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Verse (59:23), Word 12 - Quranic Grammar


The twelfth word of verse (59:23) is a form II masculine active participle and is in the nominative case (مرفوع). The active participle's triliteral root is hā mīm nūn (ه م ن).

Chapter (59) sūrat l-ḥashr (The Gathering)

the Guardian,
ADJ – nominative masculine (form II) active participle صفة مرفوعة

Verse (59:23)

The analysis above refers to the 23rd verse of chapter 59 (sūrat l-ḥashr):

Sahih International: He is Allah , other than whom there is no deity, the Sovereign, the Pure, the Perfection, the Bestower of Faith, the Overseer, the Exalted in Might, the Compeller, the Superior. Exalted is Allah above whatever they associate with Him.

See Also

2 messages

Asim Iqbal 2nd

31st May, 2011


Root should be : hay ya miim nuun

Form should be : Q.I (1st form of the quadriliteral)

Wright's Arabic Grammar Vol1 , page 47 , 48 stating ways a Q is formed

Wright's Arabic Grammar Vol1 , page 67, 68 haymana treated as a quadriliteral.

Wright's Arabic Grammar Vol1 , page 36 also includes it as a quadriliteral

Wright's Arabic Grammar Vol1 , page 300 for active particple's form

Books like Lane sometimes list roots under 3 letter root or 2 letter root heading e.g. Lane lists triliteral roots in which 2nd and 3rd letter are same as 2 letters, that doesn't make root as 2 letters, i.e. we should look at actual weights to get roots, not headings in lexicons.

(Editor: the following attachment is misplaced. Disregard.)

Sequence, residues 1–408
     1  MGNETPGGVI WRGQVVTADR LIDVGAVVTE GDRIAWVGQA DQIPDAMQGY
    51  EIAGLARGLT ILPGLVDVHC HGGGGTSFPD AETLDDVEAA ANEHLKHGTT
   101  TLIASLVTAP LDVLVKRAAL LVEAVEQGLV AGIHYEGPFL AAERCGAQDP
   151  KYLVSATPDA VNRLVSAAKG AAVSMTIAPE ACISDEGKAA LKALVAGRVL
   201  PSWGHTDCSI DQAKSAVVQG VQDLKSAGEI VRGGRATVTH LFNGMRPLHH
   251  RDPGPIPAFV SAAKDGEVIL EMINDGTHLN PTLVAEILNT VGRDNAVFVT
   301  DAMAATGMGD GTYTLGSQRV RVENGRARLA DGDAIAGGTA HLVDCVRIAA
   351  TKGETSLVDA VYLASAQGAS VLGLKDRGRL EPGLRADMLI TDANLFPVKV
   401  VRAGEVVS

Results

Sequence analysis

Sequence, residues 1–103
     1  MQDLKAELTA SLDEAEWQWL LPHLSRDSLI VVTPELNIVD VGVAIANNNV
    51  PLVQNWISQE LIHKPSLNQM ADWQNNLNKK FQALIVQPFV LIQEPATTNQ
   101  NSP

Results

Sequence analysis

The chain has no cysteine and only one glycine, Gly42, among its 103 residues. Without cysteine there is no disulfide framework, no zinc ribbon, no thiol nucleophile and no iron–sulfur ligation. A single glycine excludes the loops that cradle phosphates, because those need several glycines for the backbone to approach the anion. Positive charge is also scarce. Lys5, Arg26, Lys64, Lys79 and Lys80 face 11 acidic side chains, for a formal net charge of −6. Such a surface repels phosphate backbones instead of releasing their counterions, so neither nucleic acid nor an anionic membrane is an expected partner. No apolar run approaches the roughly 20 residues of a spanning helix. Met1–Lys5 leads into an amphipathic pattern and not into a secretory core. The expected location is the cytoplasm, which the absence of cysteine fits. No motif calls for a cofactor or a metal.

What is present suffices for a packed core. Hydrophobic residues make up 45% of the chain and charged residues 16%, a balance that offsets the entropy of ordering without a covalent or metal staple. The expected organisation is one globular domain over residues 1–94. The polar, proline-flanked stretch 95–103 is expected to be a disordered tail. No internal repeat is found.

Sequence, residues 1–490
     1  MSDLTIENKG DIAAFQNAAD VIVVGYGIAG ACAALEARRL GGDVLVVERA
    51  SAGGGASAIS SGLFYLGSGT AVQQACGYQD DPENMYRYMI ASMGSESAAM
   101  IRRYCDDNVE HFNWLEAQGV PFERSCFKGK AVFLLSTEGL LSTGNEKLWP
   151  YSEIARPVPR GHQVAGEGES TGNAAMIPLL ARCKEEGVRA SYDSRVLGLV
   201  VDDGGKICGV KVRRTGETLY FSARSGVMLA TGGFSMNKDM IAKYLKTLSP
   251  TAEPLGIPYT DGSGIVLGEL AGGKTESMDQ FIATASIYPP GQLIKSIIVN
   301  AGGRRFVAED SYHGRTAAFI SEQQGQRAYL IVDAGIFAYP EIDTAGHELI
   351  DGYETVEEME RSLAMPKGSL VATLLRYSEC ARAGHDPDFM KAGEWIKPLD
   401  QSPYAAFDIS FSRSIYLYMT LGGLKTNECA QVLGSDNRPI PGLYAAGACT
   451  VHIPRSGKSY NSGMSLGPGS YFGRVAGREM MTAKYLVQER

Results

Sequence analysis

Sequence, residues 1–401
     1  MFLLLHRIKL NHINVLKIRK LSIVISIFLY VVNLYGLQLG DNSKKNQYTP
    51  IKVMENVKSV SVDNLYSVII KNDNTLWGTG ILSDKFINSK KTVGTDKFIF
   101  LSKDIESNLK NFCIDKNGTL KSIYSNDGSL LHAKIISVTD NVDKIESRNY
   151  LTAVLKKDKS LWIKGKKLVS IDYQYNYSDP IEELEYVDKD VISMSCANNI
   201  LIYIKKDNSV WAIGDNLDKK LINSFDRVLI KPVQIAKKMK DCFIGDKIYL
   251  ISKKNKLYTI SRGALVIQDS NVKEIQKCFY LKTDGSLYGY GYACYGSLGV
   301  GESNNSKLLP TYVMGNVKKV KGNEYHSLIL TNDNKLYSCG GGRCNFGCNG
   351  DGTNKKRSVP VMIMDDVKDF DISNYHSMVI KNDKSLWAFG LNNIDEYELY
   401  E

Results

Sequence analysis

Similarly Lane lists the quad root tuay miim alif nuun under heading tuay miim nuun but himself calls tuay miim alif nuun derivative as quadriliteral under the same heading.

Regarding form II of the triliteral with hay miim nuun it is impossible to get muhaymin using it as it will give muhammin not muhaymin and it is not possible to add additional ya in it by any rule.

Also correct:

(5:48:11) wamuhayminan



Asim Iqbal 2nd

31st May, 2011

2ndly I think there is a difference of opinion regarding alif or hamza as root letter, I favour alif, as haroof e Muqat'aat of the Qur'an in which letters are spoken separately calls it alif laam miim, alif laam ra , proving Qur'an treats alif as a letter and not merely a means of elongating.

ALLAH starts with alif , The seal of Prophet Muhammad (peace be upon him) also contains Alif but no hamza

Then there is an interpretation atributed to a Sahaabi as his opinion regarding alif laam miim, anallahu a'lam in which he says it is formed by taking 1st letter of 1st word ana's alif ALLAH's central letter laam and a'lam's last letter miim.

Then I saw some old manuscripts on internet and found alif , not hamza, I think hamza is used by most grammarians.

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Language Research Group
University of Leeds